BILOXI -- Across the street from the front gate of the local Veterans Affairs Medical Center, more than 120 veterans turned out Tuesday morning to voice their grievances concerning the current state of the VA system.
The forum, hosted by U.S. Rep. Steven Palazzo at VFW Post 2434, was meant to be geared more toward gathering information and connecting veterans with area organizations and military-affiliated staffers of the congressman. Instead, it turned -- almost immediately -- into a spirited town hall-style meeting, with many veterans looking for answers.
Henry McCoy was one of a handful of veterans who stood up during the forum. He acknowledged the VA has helped him with issues in the past, and that his quality of life has improved, but veterans as a whole are starting to lose their trust in the system.
"I think today was kind of just putting a Band-Aid on the problem. We need to get back to the basics of how we're treated at the VA hospital, as a person who fought for this country and as a person who stood up. Not as a number," McCoy said. "We're starting to lose that in translation here. ... When I go to the VA on a daily basis, I'm treated with not only disrespect, but as a number."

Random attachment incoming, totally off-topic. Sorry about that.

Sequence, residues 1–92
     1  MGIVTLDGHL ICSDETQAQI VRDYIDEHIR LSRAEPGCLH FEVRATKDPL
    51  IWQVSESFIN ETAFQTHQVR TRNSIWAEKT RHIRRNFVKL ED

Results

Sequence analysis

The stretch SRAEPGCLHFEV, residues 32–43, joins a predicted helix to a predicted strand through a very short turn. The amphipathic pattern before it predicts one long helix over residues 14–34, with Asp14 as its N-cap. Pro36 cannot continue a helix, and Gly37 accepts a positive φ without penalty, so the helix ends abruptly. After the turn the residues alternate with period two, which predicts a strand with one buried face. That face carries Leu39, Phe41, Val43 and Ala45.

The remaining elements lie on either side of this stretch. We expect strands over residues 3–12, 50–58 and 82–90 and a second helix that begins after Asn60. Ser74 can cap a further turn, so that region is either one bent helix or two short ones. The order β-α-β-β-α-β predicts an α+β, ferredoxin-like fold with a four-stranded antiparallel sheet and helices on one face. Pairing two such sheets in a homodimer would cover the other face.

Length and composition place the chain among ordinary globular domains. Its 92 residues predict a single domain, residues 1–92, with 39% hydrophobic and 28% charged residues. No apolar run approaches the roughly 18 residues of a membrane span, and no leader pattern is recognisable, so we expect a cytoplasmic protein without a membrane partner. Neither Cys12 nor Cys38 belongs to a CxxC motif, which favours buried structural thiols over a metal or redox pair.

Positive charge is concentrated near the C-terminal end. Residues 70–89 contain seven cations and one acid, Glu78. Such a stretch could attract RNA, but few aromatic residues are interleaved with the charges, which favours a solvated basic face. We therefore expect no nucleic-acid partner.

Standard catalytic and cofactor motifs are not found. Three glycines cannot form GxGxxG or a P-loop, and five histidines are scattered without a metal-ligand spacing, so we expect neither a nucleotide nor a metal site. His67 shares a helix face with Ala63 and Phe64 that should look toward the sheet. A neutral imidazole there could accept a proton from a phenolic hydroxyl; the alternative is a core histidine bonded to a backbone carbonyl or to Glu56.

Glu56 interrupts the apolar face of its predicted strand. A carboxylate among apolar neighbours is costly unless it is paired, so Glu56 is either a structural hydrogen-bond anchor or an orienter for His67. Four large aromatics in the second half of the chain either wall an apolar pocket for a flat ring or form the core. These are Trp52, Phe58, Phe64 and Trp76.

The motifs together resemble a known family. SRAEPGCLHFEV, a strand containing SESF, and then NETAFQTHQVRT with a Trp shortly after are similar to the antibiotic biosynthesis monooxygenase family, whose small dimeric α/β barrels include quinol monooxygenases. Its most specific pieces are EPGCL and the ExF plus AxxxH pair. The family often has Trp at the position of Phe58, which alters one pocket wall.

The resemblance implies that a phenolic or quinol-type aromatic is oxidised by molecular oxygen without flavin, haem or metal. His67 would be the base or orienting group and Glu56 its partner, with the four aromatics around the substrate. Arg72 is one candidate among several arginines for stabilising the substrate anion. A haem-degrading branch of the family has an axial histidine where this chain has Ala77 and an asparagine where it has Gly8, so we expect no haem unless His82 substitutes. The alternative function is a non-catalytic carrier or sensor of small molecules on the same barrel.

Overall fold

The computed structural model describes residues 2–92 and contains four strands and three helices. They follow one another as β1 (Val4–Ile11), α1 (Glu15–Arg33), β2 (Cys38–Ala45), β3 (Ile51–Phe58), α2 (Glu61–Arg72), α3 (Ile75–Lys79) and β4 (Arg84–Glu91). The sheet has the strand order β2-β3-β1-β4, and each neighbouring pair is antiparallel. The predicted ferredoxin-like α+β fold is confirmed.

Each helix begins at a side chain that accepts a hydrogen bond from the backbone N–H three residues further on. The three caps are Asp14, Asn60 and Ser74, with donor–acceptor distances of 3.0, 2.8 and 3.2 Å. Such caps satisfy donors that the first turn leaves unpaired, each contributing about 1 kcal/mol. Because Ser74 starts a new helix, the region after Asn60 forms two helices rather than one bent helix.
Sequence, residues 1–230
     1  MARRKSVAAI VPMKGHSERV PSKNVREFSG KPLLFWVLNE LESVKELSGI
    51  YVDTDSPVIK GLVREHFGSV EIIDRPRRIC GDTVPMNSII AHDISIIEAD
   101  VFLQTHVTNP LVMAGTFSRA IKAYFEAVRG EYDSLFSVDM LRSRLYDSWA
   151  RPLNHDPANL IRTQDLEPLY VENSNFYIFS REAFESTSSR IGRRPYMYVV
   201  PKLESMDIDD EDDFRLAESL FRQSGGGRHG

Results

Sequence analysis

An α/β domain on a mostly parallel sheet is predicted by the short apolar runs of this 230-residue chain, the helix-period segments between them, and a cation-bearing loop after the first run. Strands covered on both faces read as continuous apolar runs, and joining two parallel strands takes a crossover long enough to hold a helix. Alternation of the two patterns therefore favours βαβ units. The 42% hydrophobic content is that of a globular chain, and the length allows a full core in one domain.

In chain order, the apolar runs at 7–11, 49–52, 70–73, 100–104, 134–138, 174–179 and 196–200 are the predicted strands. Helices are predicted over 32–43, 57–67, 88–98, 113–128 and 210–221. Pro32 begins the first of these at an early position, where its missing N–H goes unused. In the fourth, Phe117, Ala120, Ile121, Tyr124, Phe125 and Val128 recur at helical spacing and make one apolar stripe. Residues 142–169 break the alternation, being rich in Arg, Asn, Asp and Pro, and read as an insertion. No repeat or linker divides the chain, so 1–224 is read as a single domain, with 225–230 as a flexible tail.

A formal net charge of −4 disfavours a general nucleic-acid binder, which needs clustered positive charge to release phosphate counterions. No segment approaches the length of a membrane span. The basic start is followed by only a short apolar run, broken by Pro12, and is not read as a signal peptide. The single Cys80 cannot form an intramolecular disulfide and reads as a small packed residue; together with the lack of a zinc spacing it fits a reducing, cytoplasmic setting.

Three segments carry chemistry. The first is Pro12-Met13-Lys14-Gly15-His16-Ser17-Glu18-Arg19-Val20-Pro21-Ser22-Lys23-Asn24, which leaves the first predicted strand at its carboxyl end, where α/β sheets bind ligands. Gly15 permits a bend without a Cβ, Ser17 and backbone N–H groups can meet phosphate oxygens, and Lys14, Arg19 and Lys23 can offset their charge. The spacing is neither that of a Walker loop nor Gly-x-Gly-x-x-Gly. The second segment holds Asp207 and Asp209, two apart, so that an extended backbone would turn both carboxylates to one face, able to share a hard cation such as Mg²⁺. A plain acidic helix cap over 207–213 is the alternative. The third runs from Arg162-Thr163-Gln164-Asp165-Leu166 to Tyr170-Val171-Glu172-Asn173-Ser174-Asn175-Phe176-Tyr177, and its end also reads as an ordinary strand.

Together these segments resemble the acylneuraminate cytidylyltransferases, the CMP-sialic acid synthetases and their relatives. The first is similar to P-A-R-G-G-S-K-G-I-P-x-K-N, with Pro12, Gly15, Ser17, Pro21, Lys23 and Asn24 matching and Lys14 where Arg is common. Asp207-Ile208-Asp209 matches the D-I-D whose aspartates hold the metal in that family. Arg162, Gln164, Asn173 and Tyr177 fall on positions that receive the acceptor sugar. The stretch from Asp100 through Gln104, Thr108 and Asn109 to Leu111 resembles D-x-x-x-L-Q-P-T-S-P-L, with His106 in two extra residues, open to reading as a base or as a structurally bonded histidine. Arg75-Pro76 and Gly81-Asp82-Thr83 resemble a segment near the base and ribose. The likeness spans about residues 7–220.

After passing the microphone around the audience, and addressing several ques
tions or handing the concerns to his aides, Palazzo met individually with veterans for almost an hour.
One of the main objectives of the current VA reform bill, which is moving through Congress, is to hold VA executives accountable. Bonuses have already been frozen, but Palazzo said more should be possible.
"There's a culture of corruption within the VA. You have incompetent senior executives who screw up in one VA and instead of being fired they get transferred to another," Palazzo said, to a roar of approval from many of the veterans. "There's a culture of corruption where they protect one another. We want to be able to fire them and prosecute them."
The bill also looks to expand private care options for veterans who face either lengthy wait times or live in rural areas. Palazzo said he also wants to protect whistleblowers, the hard-working employees who are afraid to speak out for fear of retaliation.
"We're not talking about all of the employees. We're talking about a minority that's hurting the health care for the majority of our veterans," he said. "There's a lot of admirable employees who work at the VA, so what we're trying to do is give the VA the tools to reform the system."
Luther Harvey didn't air any complaints during the public portion of the forum, but he did take the microphone at the end to thank the congressman.
"We are under friendly fire. The body counts are mounting up," he said. "I want to thank you for giving us the opportunity to return fire."
Representatives from the Veterans of Foreign Wars, Combat Wounded Veterans of South Mississippi, Habitat for Humanity, AmeriCorps Mississippi and the American Red Cross attended Tuesday's forum, the second in as many days for Palazzo. About 75 veterans attended Monday's meeting in Hattiesburg.